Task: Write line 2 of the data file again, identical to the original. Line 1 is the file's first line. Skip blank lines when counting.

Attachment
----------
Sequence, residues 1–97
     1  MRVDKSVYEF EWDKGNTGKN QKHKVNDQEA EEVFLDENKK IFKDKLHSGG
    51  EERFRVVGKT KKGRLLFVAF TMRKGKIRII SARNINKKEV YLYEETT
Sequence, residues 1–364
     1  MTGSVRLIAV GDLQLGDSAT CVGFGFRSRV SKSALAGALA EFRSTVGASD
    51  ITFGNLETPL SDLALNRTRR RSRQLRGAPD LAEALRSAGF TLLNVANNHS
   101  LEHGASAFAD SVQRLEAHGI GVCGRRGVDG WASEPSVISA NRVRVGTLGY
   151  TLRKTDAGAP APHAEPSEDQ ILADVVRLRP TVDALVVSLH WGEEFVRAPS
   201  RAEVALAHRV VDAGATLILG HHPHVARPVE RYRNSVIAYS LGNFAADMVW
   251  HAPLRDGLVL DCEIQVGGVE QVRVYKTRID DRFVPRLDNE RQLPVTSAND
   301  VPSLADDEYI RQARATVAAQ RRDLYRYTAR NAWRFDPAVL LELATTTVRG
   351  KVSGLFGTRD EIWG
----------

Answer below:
     1  MRVDKSVYEF EWDKGNTGKN QKHKVNDQEA EEVFLDENKK IFKDKLHSGG